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Established in 2006 as a Community of Reality

Welcome to the Neno's Place!

Neno's Place Established in 2006 as a Community of Reality


Neno

I can be reached by phone or text 8am-7pm cst 972-768-9772 or, once joining the board I can be reached by a (PM) Private Message.

Established in 2006 as a Community of Reality

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Established in 2006 as a Community of Reality

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    World Bank: Environmental pollution resulting from wars cost Iraq $3 billion

    Rocky
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    World Bank: Environmental pollution resulting from wars cost Iraq $3 billion Empty World Bank: Environmental pollution resulting from wars cost Iraq $3 billion

    Post by Rocky Mon Jan 08, 2024 6:38 am

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    [size=52]World Bank: Environmental pollution resulting from wars cost Iraq $3 billion[/size]

    [size=45]Translated by / Hamed Ahmed[/size]
    [size=45]In an extensive report issued by the World Bank, the losses and damages inflicted on the oil, agricultural and industrial sectors as a result of successive wars in Iraq were estimated at approximately 3.5 trillion Iraqi dinars (equivalent to 3 billion dollars), with 47% of the country’s natural forest areas destroyed and 2.4 million hectares of land polluted. arable land with mines, which prevents its easy exploitation, indicating that this requires developing a national program to treat contaminated sites in the country over a period of five years at an estimated cost of 422 million dollars.[/size]
    [size=45]The report, which was published under the title (Areas polluted as a result of wars in Iraq: Treatments for land pollution to restore life in it), included conducting analyzes on the extent of pollution and its importance in specific areas exposed to war damage in Baghdad, Anbar, Babylon, Diyala, Kirkuk, Nineveh, and Salah al-Din governorates, recommending defining a map. A path to essential elements of the program to treat and manage environmentally polluted hot areas in Iraq, while setting special standards for land reclamation and establishing a mechanism to support and finance these activities by the government and supporting civil organizations.[/size]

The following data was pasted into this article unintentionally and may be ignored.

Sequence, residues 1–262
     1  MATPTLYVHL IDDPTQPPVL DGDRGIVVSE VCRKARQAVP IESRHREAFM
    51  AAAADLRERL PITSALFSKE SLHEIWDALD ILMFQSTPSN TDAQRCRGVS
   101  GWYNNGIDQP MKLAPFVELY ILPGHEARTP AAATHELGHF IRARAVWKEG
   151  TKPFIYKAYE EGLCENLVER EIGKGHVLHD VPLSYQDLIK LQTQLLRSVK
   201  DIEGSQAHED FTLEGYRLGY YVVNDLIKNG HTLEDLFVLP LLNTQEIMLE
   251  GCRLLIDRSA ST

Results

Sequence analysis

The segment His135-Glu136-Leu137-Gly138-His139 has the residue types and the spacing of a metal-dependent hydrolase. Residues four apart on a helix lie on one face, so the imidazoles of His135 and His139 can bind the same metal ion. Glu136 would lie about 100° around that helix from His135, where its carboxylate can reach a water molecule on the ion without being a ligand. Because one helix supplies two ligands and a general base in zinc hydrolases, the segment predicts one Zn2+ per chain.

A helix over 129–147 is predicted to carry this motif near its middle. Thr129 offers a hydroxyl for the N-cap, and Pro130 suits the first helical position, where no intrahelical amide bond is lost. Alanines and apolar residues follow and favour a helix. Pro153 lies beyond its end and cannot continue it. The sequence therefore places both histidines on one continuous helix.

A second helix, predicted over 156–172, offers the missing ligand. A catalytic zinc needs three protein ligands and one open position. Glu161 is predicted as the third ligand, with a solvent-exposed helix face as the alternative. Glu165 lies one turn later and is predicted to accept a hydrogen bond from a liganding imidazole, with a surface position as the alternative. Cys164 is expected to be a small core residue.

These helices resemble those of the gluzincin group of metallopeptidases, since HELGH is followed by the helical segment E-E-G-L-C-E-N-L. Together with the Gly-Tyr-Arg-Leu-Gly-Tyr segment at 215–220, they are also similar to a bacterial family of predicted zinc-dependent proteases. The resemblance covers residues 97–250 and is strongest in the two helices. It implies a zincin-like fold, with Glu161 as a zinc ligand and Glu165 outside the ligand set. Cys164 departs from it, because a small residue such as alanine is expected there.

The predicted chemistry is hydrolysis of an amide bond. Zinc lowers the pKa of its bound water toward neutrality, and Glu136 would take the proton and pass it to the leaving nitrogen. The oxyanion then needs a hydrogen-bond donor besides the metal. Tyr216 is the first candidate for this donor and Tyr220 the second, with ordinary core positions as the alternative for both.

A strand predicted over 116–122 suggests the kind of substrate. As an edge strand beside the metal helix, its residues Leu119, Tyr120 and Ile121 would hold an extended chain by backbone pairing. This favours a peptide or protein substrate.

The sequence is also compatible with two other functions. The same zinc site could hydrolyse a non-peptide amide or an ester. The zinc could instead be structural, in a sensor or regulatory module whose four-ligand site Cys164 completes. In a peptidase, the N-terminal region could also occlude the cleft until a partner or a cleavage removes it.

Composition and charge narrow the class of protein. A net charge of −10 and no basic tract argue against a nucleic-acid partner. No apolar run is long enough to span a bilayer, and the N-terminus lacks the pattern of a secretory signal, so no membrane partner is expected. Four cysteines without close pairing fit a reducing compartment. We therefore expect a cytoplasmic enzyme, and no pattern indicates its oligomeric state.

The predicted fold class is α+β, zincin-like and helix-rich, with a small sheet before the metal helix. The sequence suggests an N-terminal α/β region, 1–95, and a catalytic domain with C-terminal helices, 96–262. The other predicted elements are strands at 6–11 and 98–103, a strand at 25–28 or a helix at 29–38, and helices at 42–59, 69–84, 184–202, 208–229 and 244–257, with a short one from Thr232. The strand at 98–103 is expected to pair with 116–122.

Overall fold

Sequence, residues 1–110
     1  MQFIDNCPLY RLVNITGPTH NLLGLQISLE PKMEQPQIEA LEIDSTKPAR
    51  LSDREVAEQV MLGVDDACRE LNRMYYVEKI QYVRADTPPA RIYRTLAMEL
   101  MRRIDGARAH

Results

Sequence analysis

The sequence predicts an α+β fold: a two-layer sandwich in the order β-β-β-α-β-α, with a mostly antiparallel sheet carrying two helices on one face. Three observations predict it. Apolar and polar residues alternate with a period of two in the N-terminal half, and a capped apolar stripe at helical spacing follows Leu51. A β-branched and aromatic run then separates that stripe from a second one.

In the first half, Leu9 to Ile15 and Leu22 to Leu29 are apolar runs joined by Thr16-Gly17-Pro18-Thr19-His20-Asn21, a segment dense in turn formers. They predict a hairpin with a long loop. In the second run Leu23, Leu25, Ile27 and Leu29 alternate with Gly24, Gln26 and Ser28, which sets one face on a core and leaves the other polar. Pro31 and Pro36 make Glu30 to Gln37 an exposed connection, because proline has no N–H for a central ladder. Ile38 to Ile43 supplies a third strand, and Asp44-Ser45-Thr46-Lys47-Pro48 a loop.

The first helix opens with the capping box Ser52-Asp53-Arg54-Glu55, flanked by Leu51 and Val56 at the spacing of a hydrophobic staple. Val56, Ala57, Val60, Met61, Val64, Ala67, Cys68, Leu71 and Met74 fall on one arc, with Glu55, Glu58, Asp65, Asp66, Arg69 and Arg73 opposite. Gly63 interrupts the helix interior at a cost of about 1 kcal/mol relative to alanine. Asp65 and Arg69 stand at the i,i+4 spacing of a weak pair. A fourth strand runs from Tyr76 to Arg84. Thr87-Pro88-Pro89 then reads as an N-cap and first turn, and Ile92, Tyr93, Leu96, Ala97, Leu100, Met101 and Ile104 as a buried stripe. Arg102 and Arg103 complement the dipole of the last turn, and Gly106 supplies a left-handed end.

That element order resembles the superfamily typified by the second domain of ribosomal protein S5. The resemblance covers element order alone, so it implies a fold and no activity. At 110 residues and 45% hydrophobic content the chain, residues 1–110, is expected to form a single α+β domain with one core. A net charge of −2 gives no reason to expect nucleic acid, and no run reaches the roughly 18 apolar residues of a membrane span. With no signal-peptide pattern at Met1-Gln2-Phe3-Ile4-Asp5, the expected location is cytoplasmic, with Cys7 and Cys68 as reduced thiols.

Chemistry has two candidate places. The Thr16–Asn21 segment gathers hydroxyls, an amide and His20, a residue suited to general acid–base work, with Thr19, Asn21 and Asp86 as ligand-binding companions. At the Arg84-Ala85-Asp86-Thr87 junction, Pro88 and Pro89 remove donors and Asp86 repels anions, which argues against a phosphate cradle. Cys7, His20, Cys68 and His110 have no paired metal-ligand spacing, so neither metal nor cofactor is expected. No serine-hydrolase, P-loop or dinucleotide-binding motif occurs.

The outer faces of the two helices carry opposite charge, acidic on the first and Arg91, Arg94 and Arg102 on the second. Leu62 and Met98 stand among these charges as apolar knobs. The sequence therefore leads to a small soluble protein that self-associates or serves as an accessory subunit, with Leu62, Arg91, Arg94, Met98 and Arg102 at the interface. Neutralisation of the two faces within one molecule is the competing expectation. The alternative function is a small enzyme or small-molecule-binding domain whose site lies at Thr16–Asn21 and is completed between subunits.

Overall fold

[size=45]The report indicates that successive wars witnessed by Iraq were distinguished by their targeting of causing damage to the country's oil and industrial properties. This not only caused economic losses, but also caused pollution in the air, land, soil and water on a very large scale that has never been seen before. Estimates of damages and needs included in the World Bank’s 2018 report estimate the damage to environmental resources resulting from several wars and battles at an amount of 85 billion Iraqi dinars (equivalent to 73 million dollars), with losses in various sectors estimated at 3.5 trillion Iraqi dinars (equivalent to 3 trillion Iraqi dinars). Billion dollar).[/size]
    [size=45]The World Bank also states in its report that damage and needs assessment analyzes estimate that 47% of the country's natural forests may have been destroyed, while 2.4 million hectares of agricultural land were transformed into unusable lands as a result of contamination with mines, and that about 10,569 At least a hectare of land has been lost to pollution, carbon residues and other chemicals. However, the true extent of land pollution caused by wars has not yet been confirmed.[/size]